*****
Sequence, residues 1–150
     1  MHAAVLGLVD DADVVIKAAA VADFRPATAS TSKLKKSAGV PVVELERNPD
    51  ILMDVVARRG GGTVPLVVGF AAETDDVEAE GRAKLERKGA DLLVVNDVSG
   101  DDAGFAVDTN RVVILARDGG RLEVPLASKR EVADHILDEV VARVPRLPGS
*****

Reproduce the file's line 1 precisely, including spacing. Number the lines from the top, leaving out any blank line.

Sequence, residues 1–150